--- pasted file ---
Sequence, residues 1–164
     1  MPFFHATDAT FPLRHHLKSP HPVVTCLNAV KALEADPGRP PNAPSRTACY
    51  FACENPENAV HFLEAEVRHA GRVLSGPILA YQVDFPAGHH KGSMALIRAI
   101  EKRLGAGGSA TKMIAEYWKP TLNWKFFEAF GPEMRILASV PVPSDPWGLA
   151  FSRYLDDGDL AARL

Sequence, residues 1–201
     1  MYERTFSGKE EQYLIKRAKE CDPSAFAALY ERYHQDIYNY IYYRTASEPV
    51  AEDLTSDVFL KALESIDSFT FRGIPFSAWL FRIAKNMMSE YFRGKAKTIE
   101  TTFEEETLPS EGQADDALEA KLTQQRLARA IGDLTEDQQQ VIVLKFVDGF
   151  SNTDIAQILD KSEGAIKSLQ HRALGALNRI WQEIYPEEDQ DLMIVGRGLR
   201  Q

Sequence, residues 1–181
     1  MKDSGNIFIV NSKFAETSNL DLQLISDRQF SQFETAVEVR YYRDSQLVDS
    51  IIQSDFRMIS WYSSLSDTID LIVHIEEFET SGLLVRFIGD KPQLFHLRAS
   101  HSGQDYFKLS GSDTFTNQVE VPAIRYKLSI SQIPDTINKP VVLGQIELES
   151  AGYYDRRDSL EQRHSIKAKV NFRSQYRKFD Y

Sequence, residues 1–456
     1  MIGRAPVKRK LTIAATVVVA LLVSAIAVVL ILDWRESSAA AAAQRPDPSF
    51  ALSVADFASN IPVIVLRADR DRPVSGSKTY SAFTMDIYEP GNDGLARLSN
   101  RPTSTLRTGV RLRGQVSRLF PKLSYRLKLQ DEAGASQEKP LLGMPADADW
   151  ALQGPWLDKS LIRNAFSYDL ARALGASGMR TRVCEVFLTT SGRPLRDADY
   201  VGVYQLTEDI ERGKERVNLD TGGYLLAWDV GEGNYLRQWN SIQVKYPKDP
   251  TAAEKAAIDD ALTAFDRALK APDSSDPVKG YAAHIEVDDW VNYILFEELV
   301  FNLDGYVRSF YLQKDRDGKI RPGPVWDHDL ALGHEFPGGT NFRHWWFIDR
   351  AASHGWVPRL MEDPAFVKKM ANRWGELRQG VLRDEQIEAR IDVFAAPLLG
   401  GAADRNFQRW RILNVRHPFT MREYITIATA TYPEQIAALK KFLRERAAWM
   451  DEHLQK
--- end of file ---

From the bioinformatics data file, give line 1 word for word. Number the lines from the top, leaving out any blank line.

Sequence, residues 1–164